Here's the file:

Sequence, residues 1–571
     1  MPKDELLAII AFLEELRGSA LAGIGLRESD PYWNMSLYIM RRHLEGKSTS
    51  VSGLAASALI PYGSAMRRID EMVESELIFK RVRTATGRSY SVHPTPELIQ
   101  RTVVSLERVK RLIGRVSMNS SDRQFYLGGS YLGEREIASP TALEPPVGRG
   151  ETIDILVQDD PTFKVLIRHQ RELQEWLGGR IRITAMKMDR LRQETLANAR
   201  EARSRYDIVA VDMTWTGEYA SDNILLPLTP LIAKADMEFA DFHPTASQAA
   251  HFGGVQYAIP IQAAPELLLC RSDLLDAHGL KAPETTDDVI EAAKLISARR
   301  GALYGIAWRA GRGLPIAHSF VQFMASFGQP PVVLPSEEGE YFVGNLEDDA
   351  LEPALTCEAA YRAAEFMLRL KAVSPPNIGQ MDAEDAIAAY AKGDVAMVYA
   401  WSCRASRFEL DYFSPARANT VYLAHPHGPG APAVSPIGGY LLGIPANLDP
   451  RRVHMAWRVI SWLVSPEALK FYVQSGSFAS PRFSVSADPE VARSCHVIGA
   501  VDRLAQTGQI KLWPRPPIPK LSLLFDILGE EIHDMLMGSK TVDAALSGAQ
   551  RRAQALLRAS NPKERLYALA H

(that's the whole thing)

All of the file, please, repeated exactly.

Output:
Sequence, residues 1–571
     1  MPKDELLAII AFLEELRGSA LAGIGLRESD PYWNMSLYIM RRHLEGKSTS
    51  VSGLAASALI PYGSAMRRID EMVESELIFK RVRTATGRSY SVHPTPELIQ
   101  RTVVSLERVK RLIGRVSMNS SDRQFYLGGS YLGEREIASP TALEPPVGRG
   151  ETIDILVQDD PTFKVLIRHQ RELQEWLGGR IRITAMKMDR LRQETLANAR
   201  EARSRYDIVA VDMTWTGEYA SDNILLPLTP LIAKADMEFA DFHPTASQAA
   251  HFGGVQYAIP IQAAPELLLC RSDLLDAHGL KAPETTDDVI EAAKLISARR
   301  GALYGIAWRA GRGLPIAHSF VQFMASFGQP PVVLPSEEGE YFVGNLEDDA
   351  LEPALTCEAA YRAAEFMLRL KAVSPPNIGQ MDAEDAIAAY AKGDVAMVYA
   401  WSCRASRFEL DYFSPARANT VYLAHPHGPG APAVSPIGGY LLGIPANLDP
   451  RRVHMAWRVI SWLVSPEALK FYVQSGSFAS PRFSVSADPE VARSCHVIGA
   501  VDRLAQTGQI KLWPRPPIPK LSLLFDILGE EIHDMLMGSK TVDAALSGAQ
   551  RRAQALLRAS NPKERLYALA H